AUGUSTA (AP) – Three Maine colleges have agreed to accept credits from students who attended Mid-State College, which shut down abruptly last Friday after losing its accreditation.

Portland attorney Andrew Cadot, who represents Mid-State, said the college will file for bankruptcy and liquidate its assets. Cadot said he cannot disclose the names of the schools that will accept transferred credits until they sign agreements obliging them to be “liberal in the transfer of credits.”

“A letter will be going out to students by Friday or Tuesday on what colleges will accept their credits,” Cadot said. “It’s going to be at least three. That’s being worked on.”

Mid-State ceased operations at its Augusta and Auburn campuses after its application for accreditation was denied by the Accrediting Council for Independent Colleges and Schools, based in Washington. Without accreditation, students were ineligible for federal funds to attend classes there.

And because the school got the vast majority of its revenues from the federal funds, it shut its doors. It had been in operation for 136 years under a number of different names.

Although Cadot wouldn’t reveal which schools would accept Mid-State credits, the University of Maine at Augusta issued a release Wednesday saying it would waive application fees and defer other payments to help former Mid-State students.

Mary Butman, a former student, said she’s trying to transfer her credits to Thomas College in Waterville because it has waived certain fees as well.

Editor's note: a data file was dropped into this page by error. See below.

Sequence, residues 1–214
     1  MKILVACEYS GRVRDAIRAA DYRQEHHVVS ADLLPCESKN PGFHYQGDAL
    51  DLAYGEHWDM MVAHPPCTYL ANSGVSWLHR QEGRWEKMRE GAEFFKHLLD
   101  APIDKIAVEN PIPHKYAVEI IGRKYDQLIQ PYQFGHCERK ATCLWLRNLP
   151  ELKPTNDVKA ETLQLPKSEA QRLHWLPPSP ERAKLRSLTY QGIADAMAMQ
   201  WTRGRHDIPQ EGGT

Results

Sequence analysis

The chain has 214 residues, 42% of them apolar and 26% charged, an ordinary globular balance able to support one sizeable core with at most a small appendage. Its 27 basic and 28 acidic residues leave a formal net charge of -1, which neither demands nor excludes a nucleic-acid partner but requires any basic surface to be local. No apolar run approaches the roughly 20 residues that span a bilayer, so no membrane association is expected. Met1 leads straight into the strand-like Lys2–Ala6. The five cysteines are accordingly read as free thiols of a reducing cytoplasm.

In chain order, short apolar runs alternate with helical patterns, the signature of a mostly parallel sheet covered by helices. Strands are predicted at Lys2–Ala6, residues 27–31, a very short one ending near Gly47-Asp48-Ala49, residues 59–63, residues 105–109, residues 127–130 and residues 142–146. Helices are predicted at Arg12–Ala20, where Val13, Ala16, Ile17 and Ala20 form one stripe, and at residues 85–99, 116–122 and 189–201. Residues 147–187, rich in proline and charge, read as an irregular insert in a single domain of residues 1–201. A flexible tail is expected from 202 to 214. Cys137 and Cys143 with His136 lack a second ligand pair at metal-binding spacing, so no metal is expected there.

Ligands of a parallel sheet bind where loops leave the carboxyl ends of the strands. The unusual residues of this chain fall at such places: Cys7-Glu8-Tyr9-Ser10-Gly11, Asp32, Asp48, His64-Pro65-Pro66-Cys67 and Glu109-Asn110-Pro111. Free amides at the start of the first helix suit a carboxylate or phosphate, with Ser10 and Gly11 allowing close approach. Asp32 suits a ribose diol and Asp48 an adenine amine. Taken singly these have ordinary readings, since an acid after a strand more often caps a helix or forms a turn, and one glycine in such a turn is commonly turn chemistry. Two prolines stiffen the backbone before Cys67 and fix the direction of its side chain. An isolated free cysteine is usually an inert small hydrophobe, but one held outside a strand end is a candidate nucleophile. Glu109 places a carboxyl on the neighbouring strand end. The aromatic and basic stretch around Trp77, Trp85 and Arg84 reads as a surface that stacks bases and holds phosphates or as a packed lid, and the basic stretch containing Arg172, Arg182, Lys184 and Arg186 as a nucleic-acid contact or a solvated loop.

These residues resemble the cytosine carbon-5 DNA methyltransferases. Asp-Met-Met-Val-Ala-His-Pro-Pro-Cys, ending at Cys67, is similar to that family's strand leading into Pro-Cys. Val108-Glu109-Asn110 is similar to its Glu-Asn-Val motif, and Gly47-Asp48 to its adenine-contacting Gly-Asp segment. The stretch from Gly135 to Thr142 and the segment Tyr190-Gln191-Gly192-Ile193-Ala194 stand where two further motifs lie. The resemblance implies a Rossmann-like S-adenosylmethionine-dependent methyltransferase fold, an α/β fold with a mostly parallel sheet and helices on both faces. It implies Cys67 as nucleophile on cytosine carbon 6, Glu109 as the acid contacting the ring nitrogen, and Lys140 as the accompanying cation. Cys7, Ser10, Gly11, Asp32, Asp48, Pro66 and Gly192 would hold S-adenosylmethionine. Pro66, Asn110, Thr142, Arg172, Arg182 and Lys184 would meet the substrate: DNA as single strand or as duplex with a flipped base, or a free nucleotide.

Butman said she resented the way Mid-State shut down without any notice and without refunding any money that students had already paid.

“I was mad,” said Butman, who is 43 and works in Augusta’s Office of Vital Records. “I signed up for an associate degree as an administrative assistant. I went in on Aug. 14 and they charged my account for $25. They should have known things weren’t stable, and they shouldn’t be taking nonrefundable deposits.”

Robert Patterson, chief of staff for the Accrediting Council for Independent Colleges and Schools, said Mid-State was sent a letter last week notifying it of the decision to deny the school accreditation. He said the college had more than two months to appeal.

“The appeal window was Oct. 31, 2003,” Patterson said. “The decision to close was wholly the institution’s.”

AP-ES-08-28-03 0216EDT

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